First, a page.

Enjoy the Silence



Last night, at Olafur Arnalds’ concert at the Melbourne Recital Centre, the Icelandic musician introduced the song Nyepi from his latest record Re:member. The song is named after a Hindu tradition he encountered whilst in Bali, Indonesia. (The same tradition is known as Ugadi in India.) Nyepi is a Day of Silence, when usually busy roads and beaches are empty, houses are quiet—and the internet is switched off—lights are kept low, and people are encouraged to spend their time in reflection and fasting in preparation for the new year.

Here is the song, performed in Berlin…

Lag fyrir Ömmu

Interestingly, the concert was full of silences, most notably at the very end, when the song Arnalds played as an encore, Lag fyrir Ömmu, from his Living Room Songs, subsided into a long time when nothing happened. The song, he explained, was written for his grandmother, just after her death. At the end of his performance of the song last night, the however-many-hundreds of people in the concert hall sat totally still, absolutely silent, for three/four/five/more? minutes. It was unusual, strange, rich…

Unlike in this video, filmed when he played the song at London’s Royal Albert Hall, in Melbourne the audience fell into silence…

The great silence / The sermon of stillness

Many liturgies invite experience of silence. For example, here’s the note from the Church of England’s Morning and Evening Prayer:

But in the age of personal computers, and the possibility of orders—or sequences for screen— being put together locally, notes like this, and rubrics that enact them, are easily lost. And even where present in books where books are still used, they are widely ignored. To great loss.

Here are two lovely examples. First, from the (Anglican) Church of Ireland’s Book of Common Prayer of 2004. After communion, “the great silence”:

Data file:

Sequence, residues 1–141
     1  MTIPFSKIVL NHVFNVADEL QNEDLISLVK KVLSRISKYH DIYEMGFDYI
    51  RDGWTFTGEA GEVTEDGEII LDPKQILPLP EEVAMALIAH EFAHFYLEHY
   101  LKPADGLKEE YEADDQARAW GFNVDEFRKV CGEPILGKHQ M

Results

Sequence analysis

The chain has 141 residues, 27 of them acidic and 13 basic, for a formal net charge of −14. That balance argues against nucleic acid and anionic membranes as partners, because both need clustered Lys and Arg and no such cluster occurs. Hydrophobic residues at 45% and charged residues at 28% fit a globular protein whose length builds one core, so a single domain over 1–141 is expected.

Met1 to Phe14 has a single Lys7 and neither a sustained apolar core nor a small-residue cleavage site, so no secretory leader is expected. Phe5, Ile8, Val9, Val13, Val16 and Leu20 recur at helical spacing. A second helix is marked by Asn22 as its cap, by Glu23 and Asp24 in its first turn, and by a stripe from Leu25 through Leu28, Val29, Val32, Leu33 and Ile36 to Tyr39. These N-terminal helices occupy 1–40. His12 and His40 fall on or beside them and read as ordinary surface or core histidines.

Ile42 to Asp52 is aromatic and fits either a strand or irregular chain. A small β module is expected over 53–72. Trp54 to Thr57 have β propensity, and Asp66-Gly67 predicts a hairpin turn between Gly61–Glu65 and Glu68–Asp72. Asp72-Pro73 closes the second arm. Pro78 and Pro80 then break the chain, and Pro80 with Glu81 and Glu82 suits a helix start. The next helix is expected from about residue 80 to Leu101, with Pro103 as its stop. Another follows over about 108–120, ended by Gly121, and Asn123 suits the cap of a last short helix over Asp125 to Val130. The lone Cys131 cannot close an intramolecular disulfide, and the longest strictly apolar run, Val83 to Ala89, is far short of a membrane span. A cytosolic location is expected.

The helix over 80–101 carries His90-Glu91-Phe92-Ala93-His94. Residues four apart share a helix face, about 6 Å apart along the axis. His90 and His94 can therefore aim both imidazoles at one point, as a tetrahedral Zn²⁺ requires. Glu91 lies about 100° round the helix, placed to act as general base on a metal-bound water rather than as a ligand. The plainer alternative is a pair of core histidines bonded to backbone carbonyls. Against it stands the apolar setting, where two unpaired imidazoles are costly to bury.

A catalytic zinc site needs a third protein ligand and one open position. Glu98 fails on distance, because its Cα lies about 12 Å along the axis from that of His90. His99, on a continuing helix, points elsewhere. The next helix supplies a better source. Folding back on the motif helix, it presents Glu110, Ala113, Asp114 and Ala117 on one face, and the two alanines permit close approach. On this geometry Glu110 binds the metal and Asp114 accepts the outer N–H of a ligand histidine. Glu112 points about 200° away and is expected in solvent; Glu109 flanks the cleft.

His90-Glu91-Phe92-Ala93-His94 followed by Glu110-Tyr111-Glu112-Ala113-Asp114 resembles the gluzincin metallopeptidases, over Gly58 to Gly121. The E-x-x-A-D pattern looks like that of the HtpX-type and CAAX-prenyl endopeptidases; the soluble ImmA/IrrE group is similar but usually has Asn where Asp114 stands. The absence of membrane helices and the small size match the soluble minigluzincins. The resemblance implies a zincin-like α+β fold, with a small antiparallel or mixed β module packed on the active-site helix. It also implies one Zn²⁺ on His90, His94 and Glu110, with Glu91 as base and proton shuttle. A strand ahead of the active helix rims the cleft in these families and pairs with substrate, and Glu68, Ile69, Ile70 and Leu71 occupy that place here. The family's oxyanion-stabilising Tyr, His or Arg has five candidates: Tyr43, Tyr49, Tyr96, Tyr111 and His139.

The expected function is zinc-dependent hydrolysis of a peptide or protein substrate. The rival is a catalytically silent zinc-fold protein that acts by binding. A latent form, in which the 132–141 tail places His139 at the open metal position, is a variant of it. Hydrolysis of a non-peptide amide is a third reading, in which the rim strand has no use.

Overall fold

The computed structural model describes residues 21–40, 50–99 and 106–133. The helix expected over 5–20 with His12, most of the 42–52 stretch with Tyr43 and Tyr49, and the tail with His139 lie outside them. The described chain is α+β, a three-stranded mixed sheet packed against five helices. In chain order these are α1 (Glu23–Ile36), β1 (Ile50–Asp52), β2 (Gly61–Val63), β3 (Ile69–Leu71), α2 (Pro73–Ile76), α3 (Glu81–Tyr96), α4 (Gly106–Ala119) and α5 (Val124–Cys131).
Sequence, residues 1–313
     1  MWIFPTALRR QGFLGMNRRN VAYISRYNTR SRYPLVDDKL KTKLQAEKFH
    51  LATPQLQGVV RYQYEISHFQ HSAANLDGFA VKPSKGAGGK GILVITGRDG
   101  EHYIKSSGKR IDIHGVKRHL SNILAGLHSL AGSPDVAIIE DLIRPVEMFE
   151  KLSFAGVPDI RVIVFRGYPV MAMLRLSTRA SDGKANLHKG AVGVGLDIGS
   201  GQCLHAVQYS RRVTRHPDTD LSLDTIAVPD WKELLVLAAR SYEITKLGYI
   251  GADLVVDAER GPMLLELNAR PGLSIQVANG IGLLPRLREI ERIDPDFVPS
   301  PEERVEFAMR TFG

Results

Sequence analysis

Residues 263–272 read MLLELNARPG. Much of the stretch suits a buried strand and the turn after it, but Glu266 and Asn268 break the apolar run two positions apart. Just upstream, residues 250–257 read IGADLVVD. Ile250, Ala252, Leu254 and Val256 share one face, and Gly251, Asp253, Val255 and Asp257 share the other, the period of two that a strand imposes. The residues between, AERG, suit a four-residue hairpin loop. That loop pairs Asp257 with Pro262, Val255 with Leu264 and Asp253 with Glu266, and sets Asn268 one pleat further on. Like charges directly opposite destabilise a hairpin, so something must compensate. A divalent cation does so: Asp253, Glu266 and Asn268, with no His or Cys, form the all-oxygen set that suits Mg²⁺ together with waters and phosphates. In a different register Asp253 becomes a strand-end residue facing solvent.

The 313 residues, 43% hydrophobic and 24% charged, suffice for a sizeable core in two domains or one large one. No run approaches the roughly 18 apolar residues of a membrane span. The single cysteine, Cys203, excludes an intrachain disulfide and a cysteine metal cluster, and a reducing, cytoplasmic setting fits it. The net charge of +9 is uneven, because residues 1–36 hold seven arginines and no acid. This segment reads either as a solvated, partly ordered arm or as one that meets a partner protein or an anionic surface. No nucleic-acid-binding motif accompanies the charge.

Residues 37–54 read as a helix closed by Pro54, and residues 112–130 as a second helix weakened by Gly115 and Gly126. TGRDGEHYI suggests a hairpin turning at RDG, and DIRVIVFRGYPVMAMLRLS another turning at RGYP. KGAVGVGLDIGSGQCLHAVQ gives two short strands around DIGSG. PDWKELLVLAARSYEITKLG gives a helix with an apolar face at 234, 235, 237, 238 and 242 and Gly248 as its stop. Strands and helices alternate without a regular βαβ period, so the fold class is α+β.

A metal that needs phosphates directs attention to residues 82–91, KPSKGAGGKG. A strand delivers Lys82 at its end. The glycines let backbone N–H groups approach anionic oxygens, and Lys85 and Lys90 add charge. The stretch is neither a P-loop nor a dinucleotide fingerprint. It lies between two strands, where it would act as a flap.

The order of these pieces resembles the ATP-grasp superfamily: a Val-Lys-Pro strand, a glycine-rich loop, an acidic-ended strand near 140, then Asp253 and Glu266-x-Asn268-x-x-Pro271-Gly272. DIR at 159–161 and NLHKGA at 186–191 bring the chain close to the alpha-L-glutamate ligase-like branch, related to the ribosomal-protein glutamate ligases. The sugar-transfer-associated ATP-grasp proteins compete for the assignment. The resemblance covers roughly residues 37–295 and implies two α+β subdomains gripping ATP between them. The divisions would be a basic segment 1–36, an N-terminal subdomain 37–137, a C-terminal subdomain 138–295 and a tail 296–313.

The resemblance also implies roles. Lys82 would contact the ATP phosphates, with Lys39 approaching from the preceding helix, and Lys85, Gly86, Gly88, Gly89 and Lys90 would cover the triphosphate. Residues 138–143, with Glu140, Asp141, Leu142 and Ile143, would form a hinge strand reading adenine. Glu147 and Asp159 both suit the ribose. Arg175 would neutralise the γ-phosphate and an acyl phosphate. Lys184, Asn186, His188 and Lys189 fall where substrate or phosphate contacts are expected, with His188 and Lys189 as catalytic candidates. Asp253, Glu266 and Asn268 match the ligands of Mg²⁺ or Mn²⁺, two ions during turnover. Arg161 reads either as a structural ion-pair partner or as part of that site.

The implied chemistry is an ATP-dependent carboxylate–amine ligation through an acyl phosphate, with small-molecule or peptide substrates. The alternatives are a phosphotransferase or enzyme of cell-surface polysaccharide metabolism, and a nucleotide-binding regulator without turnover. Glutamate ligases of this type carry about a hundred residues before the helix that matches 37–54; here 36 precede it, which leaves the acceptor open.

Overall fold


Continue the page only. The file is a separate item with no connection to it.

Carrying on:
Then, from the Uniting Church in Australia’s Uniting in Worship 2 of 2005, Service of the Lord’s Day 3, with its “Sermon of Stillness”. After the reading of scripture:

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(Note the suggested length of time—”at least five minutes”—and encouragement of posture “conducive to meditation.” And note above the sermon of stillness itself, a “bluebric” (right-hand side historical or source note to accompany the red choreographical rubrics) commending the kissing of the Bible—a practice approved by Zwingli, a Protestant Reformer often cited for his bare ceremonial sense!)

We need artists to remind of the beauty of these practices which religions prize.

A review of Arnalds’ concert at the Sydney Opera House last week:

Enjoy the Silence / “Live-streamed Compline” at Ampleforth Abbey


June 25 2018

When I lived in Britain, I would regularly go to on retreat to Ampleforth, a Benedictine monastery just north of York. When a parish priest in and around Durham, I would sometimes also drive the hour or so journey south just for Compline, night prayer, with the monks—a sublime experience.

When in York in June, I decided to travel up to Ampleforth for Compline (and a meal in the good pub just along the lane), intrigued by a note on the abbey website that due to the refurbishment of the monks’ dorms, they were temporarily staying elsewhere but that services would be live-streamed to the abbey church. This sounded interesting, given I had been to “live” compline many times, and often listen to recordings of the service. A live-stream seemed like an experience in the middle of these my familiar ways of joining in.

So I sat in the abbey church and waited. The bell rang for quarter past eight—the time of prayer—and no one else had arrived. It soon became clear that neither was there to be any live-stream. 

It was good to sit in silence in that that vast, austere, space as darkness fell, even without the warmth of the monks’ voices singing their prayer. Here are some photos, and a recording of the service...


Images: around the abbey church, the choir space from which compline is sung, and the ecumenical “Ampleforth Covenant” of church leaders —including Alan Smithson, of blessed memory— across the north of England which was signed at the abbey. Photos: Stephen Burns.